4 Reasons for Technology Integration
In your last blog post, Tips for Planning Your Lessons, you clearly outlined the key components of lesson planning and shared some great tips! I had to smile when you talked of "teamies" as an important tool or resource in lesson planning. I smiled because I thought about my co-teacher, Jessica Twomey, who happens to live on the other side of the country from me. We collaborate on the regular and provide inspiration for each other in what we carry out in our classrooms. What is special about our collaboration is that we bring OUR CLASSES into it together and facilitate opportunities for them to work together as a whole class and in partners. Yes, partnerships across the country! We are working on a documenting piece to share more, so stay tuned! Needless to say, I definitely see the value in collaboration while lesson planning!
Lately, there seems to be more of a "buzz" than usual about technology integration in my world. I'm sure this is because my book came out. Also, this past week I co-moderated the #InnovatingPlay #SlowFlipChat, and we took a deep dive into looking at the #GAfE4Littles activities/ideas and how they can be personalized and taken further. Additionally, I had some teachers on my campus come in to observe me integrate technology last week. Looking ahead, I will be presenting at Spring CUE next weekend and am about to get my presenting materials ready. So, I guess the "buzz" makes sense...but I wanted to take the time in this blog post to share some of the reasons WHY I integrate technology.
4 Reasons for Technology Integration
Student Voice - This is my BIGGEST reason why I integrate technology. I want to hear from ALL my students! There are a TON tools out there for kids to utilize to express themselves, share what matters to them and connections they make, and ultimately demonstrate their learning. While I am known for Google Apps integration with my kids, my current favorite tool for capturing student voice is Flipgrid. The tool is user friendly (even for littles), making it easy for students to record videos of themselves to share an idea and/or reflect on learning that takes place.
Documentation - We HAVE to look past technology as being pretty, cool, glamorus, etc. The idea isn't to get kids to use technology for the sake of using it, it is WHAT THEY DO with the technology that matters. The creation DOES NOT have to be on technology; technology can serve as a tool for documentation. For example, I recently had my kids create subtraction stories. The process was entirely hands on with kids working in pairs to create a collaborative drawing as their setting and their own block people to act out the stories. The documentation piece was the recording of the kids' stories that was done via Flipgrid.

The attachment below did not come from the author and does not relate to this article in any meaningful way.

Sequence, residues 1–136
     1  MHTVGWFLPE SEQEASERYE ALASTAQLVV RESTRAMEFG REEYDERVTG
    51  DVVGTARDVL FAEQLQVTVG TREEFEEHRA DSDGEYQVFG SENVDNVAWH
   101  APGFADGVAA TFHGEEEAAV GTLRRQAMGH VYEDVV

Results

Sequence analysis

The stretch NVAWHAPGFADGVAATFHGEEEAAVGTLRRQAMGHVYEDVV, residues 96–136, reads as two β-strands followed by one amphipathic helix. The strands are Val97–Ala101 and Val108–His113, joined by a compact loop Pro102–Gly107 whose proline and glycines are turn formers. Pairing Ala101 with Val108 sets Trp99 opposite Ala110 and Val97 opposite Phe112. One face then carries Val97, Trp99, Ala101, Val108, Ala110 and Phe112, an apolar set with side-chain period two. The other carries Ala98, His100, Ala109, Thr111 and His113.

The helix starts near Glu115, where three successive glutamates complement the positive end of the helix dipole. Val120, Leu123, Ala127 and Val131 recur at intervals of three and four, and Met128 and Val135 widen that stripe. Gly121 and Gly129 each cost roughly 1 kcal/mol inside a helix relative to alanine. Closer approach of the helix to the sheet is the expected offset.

Google Apps come in handy with the documentation piece of learning. Kids can create within the apps to demonstrate their learning, or store their learning within Google Drive or Google Classroom. My kids use Google Slides a lot of the time to take pictures and display them onto slides to represent an idea. Many teachers have shared with me that they use Seesaw for a student portfolio tool.
Collaboration - Learning has the potential to LITERALLY go places! When selecting tools for my students to use, I question whether or not the tool offers the ability for learning to be shared...meaning is there a link that can be passed along? The kids start to see value in their work when they get to SHARE it with others!
Aside from broadcasting learning and reaching out to others to share learning, students can work TOGETHER within technology tools. Again, Google apps makes this relatively easy as long as students have G Suite for Education accounts. Users can work in the same documents at the same time, and see progress live time! Padlet is another tool where students can share their contributions to what feels like a digital bulletin board.
Faster Feedback - The sooner we can get information to our kids about their learning, the better! Kids practice skills every day at school, do they know their progress? I appreciate game based programs, where my kids are playing educational games and within the game is feedback as to an answer, or something they are working on, is right or wrong. Surely there is more learning that happens beyond a game. However, my point is game can get feedback to my students faster than I can hand back out a paper they handed to me. Some resources I can share for our readers to check out: Formative, Quizizz, and Kahoot.
This is a topic that I can go on FOREVER with. However, I do really value hearing from others about how and why they integrate technology. Lisa, from a principal's standpoint, what you would want your teachers to keep in mind when they integrate technology with their students?
Photo by the author.